The New International Encyclopædia/Morgan, John Tyler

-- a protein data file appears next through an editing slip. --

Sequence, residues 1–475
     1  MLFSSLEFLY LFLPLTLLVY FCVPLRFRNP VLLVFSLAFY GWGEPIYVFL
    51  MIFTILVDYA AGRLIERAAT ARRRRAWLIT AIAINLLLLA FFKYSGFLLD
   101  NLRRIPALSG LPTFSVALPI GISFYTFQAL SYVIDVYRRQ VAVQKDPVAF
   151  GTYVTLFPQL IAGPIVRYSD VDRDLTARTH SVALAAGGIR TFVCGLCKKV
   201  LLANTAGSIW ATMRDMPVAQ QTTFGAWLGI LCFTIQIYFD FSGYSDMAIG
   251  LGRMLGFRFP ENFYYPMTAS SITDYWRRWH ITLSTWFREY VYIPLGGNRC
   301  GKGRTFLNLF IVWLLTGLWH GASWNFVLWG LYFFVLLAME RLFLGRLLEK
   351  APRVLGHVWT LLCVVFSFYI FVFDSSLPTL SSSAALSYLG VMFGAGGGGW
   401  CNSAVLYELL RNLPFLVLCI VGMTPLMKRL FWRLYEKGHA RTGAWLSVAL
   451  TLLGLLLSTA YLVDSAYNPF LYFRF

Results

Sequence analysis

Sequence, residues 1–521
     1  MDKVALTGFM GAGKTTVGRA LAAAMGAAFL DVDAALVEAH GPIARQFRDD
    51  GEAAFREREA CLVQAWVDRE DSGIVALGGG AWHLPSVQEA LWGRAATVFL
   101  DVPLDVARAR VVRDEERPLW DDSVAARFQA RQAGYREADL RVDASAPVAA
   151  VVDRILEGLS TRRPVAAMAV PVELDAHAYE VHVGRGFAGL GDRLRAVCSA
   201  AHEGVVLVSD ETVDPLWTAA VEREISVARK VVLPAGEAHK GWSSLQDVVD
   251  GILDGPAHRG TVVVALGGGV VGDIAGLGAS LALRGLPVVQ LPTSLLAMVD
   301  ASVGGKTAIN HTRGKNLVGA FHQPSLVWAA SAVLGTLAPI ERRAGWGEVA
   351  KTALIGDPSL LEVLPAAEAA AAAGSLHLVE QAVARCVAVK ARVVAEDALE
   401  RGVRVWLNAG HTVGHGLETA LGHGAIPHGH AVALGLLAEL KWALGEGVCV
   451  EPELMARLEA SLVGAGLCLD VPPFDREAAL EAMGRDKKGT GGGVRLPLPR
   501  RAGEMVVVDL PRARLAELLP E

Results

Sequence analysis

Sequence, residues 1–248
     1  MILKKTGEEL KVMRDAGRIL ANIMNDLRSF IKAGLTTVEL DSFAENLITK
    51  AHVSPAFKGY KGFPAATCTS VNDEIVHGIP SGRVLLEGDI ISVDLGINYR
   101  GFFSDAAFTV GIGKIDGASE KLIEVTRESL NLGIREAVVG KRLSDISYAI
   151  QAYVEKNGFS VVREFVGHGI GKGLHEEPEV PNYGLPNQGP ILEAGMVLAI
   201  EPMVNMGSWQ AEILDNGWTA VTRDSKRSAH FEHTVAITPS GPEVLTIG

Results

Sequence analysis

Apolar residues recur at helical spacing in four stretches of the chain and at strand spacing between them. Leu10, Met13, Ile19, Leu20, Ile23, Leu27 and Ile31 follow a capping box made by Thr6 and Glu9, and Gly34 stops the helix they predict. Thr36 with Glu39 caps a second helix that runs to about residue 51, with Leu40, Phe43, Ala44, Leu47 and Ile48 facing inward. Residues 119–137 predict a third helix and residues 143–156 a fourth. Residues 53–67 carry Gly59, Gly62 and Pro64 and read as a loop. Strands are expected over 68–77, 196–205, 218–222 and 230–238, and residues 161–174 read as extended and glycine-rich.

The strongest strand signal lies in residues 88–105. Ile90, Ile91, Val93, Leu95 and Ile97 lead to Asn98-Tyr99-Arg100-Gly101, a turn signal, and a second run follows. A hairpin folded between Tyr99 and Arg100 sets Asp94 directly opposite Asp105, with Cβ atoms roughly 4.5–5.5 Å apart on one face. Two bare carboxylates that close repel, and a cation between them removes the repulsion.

MORGAN, John Tyler (1824—). An American politician, born at Athens, Tenn. He was educated in Alabama, whither he removed with his parents in 1833. There be studied law, and in 1845 was admitted to the bar. He early won wide repute as a lawyer and campaign speaker, and in 1861 was a delegate from Dallas County to the Alabama State Convention which passed the ordinance of secession, and in May of the same year he enlisted as a private in the Fifth Alabama Infantry, of which he ultimately became lieutenant-colonel. In 1862 he recruited the Fifty-first Alabama Regiment and became its colonel. In the next year he was promoted to be brigadier-general, and in this capacity served with considerable distinction. After the war he resumed his law practice at Selma, Ala., and again entered politics in 1876 as an elector-at-large on the Tilden ticket. In 1877 he was elected to the United States Senate, of which body he remained a member, receiving his fifth reëlection in November, 1900. For many years one of the leaders of the Democratic Party in the debates in the Upper House of Congress, he showed himself particularly interested in foreign relations, and served for some time as chairman of the Senate Committee on Foreign Affairs. He was a vigorous and persistent advocate of the Nicaraguan canal route in preference to the route across Panama.